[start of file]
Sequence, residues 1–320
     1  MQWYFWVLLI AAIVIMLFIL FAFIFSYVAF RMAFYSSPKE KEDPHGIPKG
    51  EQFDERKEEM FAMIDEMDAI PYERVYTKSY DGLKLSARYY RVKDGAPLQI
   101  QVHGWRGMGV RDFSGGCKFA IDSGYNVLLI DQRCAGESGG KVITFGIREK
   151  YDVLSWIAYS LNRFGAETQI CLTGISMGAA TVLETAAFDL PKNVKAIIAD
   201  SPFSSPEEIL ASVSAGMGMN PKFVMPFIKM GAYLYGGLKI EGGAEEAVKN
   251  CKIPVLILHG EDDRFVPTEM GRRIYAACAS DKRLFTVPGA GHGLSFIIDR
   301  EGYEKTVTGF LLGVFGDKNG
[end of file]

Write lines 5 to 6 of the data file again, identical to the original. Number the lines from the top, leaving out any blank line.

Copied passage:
   151  YDVLSWIAYS LNRFGAETQI CLTGISMGAA TVLETAAFDL PKNVKAIIAD
   201  SPFSSPEEIL ASVSAGMGMN PKFVMPFIKM GAYLYGGLKI EGGAEEAVKN